What is the Total Debt Servicing Ratio (TDSR), and why?

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Real estate investment has always been one of the instruments to help people grow their wealth and multiply their fortune.

Investing in real estate has many advantages compared to most types of investments, such as bonds, stocks, mutual funds, options, gold, etc.

Many savvy property investors out there will know that one of the key benefits of real estate investment is “leveraging”.

Let me share with you an example:

John bought a 2-bedroom unit at $1M. Being his first property, he was able to take up a loan of 80% (i.e. $800,000)
Thus his cash outlay will only be $200,000 (excluding legal fees and stamp duty etc.)

A few years later, John was able to sell off his property for $1.2M, a handsome profit of $200,000.

A simple calculation of return on investment will be – “(gain from investment) / (cost of investment)”
Equates to ($200,000/$200,000) x 100 %.

John’s returns will be 100%, isn’t that great?

Because John was able to leverage on the financial support from the bank, he only needs $200,000 cash to make a $200,000 profit.

Instead of having to fork out a huge sum of $1M for his real estate investment.

Sounds good?

However, the Singapore government made a decision to cool the demand & heat for such activities and came up with their next cooling measure.

On 28 June 2013, the Monetary Authority of Singapore (MAS) introduced a Total Debt Servicing Ratio (TDSR) framework for all property loans granted by banks to individuals, with effect on 29 June 2013.

Official press release from MAS: MAS Introduces Debt Servicing Framework for Property Loans

What is the TDSR about?

With this new framework, banks will look deeper into your financial capabilities, looking into your various debts such as car loans, credit card bills, and other mortgage loans, etc.

This is to ensure that with the borrower’s total debt obligations every month, even when using a lesser percentage (compared to previous) of the borrower’s monthly gross income, he/she will be able to service the new mortgage loan which is being applied for.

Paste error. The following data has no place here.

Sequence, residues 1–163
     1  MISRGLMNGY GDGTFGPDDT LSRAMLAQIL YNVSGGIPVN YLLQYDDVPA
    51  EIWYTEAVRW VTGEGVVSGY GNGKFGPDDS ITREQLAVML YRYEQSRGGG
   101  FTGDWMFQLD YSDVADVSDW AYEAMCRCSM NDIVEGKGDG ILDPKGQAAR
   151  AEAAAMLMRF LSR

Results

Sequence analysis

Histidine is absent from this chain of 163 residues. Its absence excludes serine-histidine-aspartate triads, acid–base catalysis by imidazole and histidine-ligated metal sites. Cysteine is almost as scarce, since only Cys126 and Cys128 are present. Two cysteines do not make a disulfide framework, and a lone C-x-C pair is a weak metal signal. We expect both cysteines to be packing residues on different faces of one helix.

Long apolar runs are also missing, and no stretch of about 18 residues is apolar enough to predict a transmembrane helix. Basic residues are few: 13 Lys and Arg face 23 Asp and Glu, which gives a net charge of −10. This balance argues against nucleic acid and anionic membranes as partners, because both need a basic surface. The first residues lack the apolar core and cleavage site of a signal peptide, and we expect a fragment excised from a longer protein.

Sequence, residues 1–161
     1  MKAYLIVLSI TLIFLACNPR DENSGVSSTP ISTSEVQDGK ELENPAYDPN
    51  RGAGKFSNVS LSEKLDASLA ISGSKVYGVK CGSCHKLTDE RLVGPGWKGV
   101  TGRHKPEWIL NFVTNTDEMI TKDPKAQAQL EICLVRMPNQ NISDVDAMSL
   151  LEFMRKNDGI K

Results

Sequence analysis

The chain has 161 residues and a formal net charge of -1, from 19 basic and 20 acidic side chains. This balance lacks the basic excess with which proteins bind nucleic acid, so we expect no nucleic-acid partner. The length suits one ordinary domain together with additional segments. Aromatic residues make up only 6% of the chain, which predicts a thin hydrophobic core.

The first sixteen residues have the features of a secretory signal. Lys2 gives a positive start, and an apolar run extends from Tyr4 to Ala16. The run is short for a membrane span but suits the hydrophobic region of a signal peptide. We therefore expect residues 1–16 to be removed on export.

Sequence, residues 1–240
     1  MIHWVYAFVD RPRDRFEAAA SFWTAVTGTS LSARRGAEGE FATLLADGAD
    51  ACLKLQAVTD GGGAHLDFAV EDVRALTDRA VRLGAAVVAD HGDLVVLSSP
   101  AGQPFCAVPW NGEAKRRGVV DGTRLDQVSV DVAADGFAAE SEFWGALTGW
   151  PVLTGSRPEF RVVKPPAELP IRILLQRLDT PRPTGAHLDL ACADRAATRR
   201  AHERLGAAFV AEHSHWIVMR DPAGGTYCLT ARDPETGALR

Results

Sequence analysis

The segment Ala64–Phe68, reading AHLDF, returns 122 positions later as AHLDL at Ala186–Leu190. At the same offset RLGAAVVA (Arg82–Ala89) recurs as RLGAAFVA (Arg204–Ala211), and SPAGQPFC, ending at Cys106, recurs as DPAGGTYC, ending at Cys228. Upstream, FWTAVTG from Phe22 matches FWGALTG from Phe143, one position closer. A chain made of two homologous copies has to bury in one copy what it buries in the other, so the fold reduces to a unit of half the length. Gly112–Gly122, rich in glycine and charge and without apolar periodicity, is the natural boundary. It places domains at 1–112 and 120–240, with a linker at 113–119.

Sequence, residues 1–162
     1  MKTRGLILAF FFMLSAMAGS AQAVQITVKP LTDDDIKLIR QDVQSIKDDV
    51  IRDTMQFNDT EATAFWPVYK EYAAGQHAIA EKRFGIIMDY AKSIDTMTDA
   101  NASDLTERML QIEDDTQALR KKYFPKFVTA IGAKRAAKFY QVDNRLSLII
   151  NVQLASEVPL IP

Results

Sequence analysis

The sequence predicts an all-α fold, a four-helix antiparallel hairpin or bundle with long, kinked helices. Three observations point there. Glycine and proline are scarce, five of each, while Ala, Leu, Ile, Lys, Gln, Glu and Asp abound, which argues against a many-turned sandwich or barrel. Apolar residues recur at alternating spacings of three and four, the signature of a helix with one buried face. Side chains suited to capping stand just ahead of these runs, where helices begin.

TDSR Article
A warning sign to the nation

In a nutshell, a borrower will be subjected to a more stringent credit assessment.

Therefore it’s no longer going to be easy lending money from the bank for your property purchases.

Even if the loan is being approved, the borrower may not be able to get as much loan as he/she would desire (thus having to come up with more cash outlay), or even may not be able to stretch the loan tenure (which makes the monthly loan repayment an even larger amount).

But of course, if you’re cash-rich, it doesn’t really bother you that much.

Why TDSR?

In 2008, the world was shaken by the largest bankruptcy filing in U.S. history by Lehman Brothers.

Why did they fall?

One of the main reasons was over-leveraging. The debt was too much for them to handle. On top of that, they were dishing out loans easily at low-interest rates and eventually weren’t able to recover them.

With the property marketing heating up in Singapore (especially in the new launch condo market), the government felt that they had to do something about it before things go beyond their control.

We spoke to experts from the financial institutions (FIs), and indeed, 8 out of 10 property buyers barely made the mark to get their loans approved before the cooling measure.

These are the so-called “marginal buyers”.

If the market really turns bad (e.g. interest rates rise), they may not able to service their outstanding mortgage and end up force selling their property.

In my opinion, with the TDSR in place, we can expect more stability in Singapore’s property market. Even during bad times, the market will be strong enough to tide through.

In the present market, you can be pretty sure that most property buyers today will have holding power and are financially strong (if not how could they have passed the stringent assessment from FIs?).

Therefore, don’t expect a huge fluctuation in property prices from now on.

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